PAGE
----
Inducers are often custom-designed for a particular pump application. They lower the NPSHrof an impeller, but do so only in the vicinity of best-efficiency flow (BEP). If pumps with inducer-equipped impellers are operated at flows substantially above or below BEP, their NPSHrmay actually increase compared to that of a standard impeller not so equipped. Instead of the continually increasing slope of the NPSHrcurve typically shown on a manufacturer’s performance curve, the NPSHrcurve associated with an inducer would probably have a distinct U-shape.

Distance from impeller tip to stationary internal casing components

Any particular process pump is designed with a casing which, of course, surrounds the pump rotor. For this rotor and its impeller to turn freely while, at the same time, accommodating a certain amount of shaft run-out and shaft deflection there needs to be a rather liberal impeller-to-casing clearance.

In practice, one makes a distinction between two different gaps shown in Figure 3: Gap “A” and Gap “B”. Gap “A” is the distance from the impeller disc and cover peripheries (the cover is sometimes called a shroud) to the nearest casing or other stationary part. That stationary part is usually the tongue, or cutwater. Some pumps are designed with casing internals called diffuser-style or vaned, others are simply an unimpeded stationary passageway for the fluid leaving the impeller. Regardless of casing-internal construction, a gap of 50 mils (0.050 inches or 1.2 mm) is chosen for best possible efficiency and so as to minimize leakage-induced flow turbulence.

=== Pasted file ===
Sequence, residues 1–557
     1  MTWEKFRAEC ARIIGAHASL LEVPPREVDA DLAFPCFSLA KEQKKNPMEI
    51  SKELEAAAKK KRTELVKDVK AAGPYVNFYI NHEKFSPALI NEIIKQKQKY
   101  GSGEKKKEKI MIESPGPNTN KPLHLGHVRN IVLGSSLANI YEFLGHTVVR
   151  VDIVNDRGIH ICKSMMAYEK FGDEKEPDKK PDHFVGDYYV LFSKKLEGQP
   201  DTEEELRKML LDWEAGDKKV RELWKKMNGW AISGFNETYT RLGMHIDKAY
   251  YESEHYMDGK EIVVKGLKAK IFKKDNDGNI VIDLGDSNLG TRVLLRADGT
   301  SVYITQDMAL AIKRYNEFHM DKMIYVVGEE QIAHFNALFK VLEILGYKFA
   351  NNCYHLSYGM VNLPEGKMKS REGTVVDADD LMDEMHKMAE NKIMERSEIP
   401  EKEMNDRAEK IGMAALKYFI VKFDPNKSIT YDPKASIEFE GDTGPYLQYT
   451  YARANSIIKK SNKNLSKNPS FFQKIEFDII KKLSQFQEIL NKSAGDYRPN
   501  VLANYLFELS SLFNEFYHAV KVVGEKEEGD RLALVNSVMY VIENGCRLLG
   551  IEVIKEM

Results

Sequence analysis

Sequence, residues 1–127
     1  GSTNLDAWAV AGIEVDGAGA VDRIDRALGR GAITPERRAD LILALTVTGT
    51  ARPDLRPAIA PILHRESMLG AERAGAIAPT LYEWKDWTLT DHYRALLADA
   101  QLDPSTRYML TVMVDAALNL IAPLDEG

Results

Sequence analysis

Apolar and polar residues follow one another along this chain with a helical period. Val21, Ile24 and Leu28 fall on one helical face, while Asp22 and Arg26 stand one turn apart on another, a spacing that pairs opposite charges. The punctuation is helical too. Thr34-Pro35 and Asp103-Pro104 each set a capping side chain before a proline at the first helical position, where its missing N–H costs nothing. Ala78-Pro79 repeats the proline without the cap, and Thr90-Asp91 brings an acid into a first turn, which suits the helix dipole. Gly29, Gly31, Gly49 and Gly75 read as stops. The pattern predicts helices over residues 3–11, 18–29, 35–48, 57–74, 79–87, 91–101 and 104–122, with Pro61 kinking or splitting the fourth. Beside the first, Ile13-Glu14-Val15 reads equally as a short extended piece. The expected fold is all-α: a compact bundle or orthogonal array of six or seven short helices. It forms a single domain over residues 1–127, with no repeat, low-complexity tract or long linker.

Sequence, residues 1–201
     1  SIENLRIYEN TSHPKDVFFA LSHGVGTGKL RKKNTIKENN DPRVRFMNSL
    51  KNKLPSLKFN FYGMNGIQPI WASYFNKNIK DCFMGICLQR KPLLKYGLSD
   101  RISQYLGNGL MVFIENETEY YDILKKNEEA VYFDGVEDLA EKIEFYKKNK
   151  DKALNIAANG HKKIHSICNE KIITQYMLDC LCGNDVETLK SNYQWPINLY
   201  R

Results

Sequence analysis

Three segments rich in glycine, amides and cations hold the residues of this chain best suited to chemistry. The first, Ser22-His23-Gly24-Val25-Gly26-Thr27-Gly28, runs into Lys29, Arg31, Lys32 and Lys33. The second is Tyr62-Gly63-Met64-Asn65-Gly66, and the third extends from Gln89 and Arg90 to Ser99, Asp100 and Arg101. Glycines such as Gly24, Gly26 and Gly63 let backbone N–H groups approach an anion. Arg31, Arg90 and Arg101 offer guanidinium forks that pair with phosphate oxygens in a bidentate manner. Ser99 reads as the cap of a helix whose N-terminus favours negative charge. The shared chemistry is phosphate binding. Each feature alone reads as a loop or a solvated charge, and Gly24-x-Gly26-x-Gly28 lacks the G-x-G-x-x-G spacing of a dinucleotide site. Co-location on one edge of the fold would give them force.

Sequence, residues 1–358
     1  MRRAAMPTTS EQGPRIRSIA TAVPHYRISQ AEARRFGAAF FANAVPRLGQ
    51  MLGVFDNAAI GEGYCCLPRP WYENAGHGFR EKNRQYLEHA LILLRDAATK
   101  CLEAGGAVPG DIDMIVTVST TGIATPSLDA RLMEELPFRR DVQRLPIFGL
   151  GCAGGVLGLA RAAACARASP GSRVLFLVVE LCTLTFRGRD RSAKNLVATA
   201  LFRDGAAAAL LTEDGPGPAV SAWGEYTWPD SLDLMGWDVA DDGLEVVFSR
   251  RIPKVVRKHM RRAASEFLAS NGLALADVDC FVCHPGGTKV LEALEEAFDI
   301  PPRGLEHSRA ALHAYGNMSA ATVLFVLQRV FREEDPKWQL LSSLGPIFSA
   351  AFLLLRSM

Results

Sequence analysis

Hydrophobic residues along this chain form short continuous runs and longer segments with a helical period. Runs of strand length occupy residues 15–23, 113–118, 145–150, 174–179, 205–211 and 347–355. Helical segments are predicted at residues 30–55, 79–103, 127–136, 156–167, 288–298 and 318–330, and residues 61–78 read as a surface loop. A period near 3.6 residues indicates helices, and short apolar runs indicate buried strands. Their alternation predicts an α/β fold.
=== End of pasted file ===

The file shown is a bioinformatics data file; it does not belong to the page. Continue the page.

Heinz Bloch

Fig. 3: Gap designations and impeller trim methods, including vane tips only (left); across entire outside diameter (center); oblique cut (right), based on Ref. 1

Gap “B” is the average distance from the impeller vane tips (the diameter D’) to the casing-internal stationary part where the fluid coming off the impeller vane tips enters a stationary passageway. This part of the stationary passageway is usually called the cutwater, or volute tongue. Recommended (radial) minimum, maximum, and preferred values for Gap “B” are given, in Table 1, as a percentage of the impeller radius. In large pumps (typically pumps with drivers in the over 250 kW range) too small a gap will often increase vibration amplitudes, whereas too large a gap will result in a loss of efficiency.

Heinz Bloch

Table 1: Recommended radial gaps for process pumps

As an alternative to Gap “B” modifications, volute chipping—the removal of a small amount of metal from the tongue or cutwater—is sometimes feasible (Ref. 1).

Impeller trimming

Virtually every textbook on pump engineering contains guidelines on impeller diameter reductions or “trimming” needed to permanently affect the rate of flow and the head created by a constant-speed centrifugal pump. Yet, many of these texts lead to the erroneous assumption that suitable diameter reductions are made by simply machining uniformly across the full periphery–impeller cover (shroud), vane tips and disc. These texts use Euler’s fan law equation, a mathematical relationship in which n, D, Q, H and P are, respectively, rotor (impeller) rpm, impeller diameter, flow, head, and power demand. In this equation the subscript 1 refers to the original value and subscript 2 indicates the new value (Ref. 2):Heinz Bloch